By Clive Turner
I suppose as Christmas approaches we all hope our Christmas cards will arrive at least before the New Year. But as a family whose invitation to a Golden Wedding invitation arrived exactly one year and seven months after the event, we might be forgiven for feeling just a little disillusioned with our mail service in Cyprus.
That said, it must be made clear there are examples of incredible postal triumphs where letters and magazines have got here within just a few days, and that is true conversely for outgoing mail too. But unhappily, year after year, letters and cards and magazines do seem to take a long while to make it to the island.
It is particularly disappointing with regard to weekly and monthly magazines where much of the content is news and current affairs related. I found some of these magazines get routed through many countries before they reach Cyprus, and this I do find puzzling.
I discovered after extensive research that in the case of the UK postal service, it blamed our island’s administration, and then in turn, the island predictably blamed the UK’s system of route choices to get mail here in a reasonable time frame. I had some interesting correspondence with the UK Royal Mail’s Chief Executive Officer, a lady of great charm and a pleasing willingness to help improve our experience. I also had an interview with the Paphos Postmaster – actually a Post Mistress – whose willingness to improve matters matched her UK’s colleague in the business.
Both ladies did much to look into the myriad reasons why the shortcomings affect us so regularly here but to be fair it seems that each end has its faults, although it is certainly true both ends try valiantly to provide a service of which they can be proud. In the case of Cyprus it comes down to staff shortages as much as for any other reason.
There is a company called Moonpig.com which claims to get its card products to recipients on time – otherwise they refund the cost of their product to the sender. But my enquiries revealed that there are several countries in the world where Moonpig regularly expect problems with delivery despite doing all they can to anticipate and avoid those problems. And unfortunately Cyprus is one of those countries where they all too often experience disappointment.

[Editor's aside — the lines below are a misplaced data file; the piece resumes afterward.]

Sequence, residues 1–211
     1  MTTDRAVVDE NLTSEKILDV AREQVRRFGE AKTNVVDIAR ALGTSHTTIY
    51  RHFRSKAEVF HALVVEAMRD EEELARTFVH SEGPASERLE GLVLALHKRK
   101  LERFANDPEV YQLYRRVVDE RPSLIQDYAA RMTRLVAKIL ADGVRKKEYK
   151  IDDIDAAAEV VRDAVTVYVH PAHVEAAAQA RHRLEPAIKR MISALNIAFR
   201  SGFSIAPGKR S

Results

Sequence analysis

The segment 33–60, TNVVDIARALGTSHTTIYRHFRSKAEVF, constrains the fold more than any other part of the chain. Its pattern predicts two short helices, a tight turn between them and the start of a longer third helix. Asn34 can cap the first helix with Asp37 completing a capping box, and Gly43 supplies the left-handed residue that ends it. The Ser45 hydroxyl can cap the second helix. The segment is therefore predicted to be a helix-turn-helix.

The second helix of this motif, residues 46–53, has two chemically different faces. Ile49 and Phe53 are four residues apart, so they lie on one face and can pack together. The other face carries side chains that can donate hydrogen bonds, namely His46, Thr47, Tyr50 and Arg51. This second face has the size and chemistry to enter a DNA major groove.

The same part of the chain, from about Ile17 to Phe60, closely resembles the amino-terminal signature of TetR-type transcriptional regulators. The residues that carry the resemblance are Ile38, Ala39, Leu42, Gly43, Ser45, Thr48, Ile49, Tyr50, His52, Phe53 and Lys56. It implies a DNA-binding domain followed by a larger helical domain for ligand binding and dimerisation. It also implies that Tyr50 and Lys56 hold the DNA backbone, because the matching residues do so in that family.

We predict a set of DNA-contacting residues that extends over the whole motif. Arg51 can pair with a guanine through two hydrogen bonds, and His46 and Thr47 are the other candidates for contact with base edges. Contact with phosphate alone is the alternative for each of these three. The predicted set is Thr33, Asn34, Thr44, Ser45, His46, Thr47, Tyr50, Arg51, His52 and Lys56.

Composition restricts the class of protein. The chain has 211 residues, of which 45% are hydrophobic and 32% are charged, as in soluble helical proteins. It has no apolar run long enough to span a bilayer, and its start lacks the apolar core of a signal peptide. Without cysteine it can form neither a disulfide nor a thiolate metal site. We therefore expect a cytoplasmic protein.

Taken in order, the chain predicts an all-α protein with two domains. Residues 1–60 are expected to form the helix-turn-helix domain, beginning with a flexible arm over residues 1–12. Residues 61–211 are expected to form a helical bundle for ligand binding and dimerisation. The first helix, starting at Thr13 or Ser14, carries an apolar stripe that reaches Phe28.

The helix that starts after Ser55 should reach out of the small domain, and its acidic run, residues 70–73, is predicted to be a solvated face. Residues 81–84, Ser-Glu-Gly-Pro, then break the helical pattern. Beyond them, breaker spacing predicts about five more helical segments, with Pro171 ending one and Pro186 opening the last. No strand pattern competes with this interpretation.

So quite what happens to mail both in and out of our island is a conundrum. It’s a riddle wrapped in a mystery, inside an enigma, slightly to misquote Sir Winston Churchill in an entirely different context.
Of course this is why so many of us now increasingly rely on email (and even this has its glitches and limitations as we all know).
We live on an island well served by a number of airlines and there are plenty of flights between here and the UK. It is not as if we are at the end of the world. How other expatriates fare in terms of mail to and from Cyprus it would be interesting to discover, and perhaps the Cyprus Mail blog will reveal some examples. . . If any reader would like to write to me with their own observations, that would be an interesting addition to the research.
My email address is at the end of this article.
There are people who have their mail delivered direct to their homes and many others use a mailbox service – for a fee – but which makes for the more consistent and swifter service is open to debate. At one time in Cyprus mail was delivered by the local dust lorry, but that fell into disuse a long while ago. I have no information about how well that worked. Are there readers who remember it?
What does work well is the standard of post office counter staff. Most people would agree that by and large they prove friendly, helpful, and entirely co-operative. Yes, queuing up for stamps pre-Christmas can be a bit of a time consuming task, but that can be overcome by getting this done well before November!
However, Moonpig’scomment show that we have a way to go to catch up with other countries’ mail-handling. But then we have a Government which prides itself on being a forward-looking, progressive, and efficient Administration – don’t we?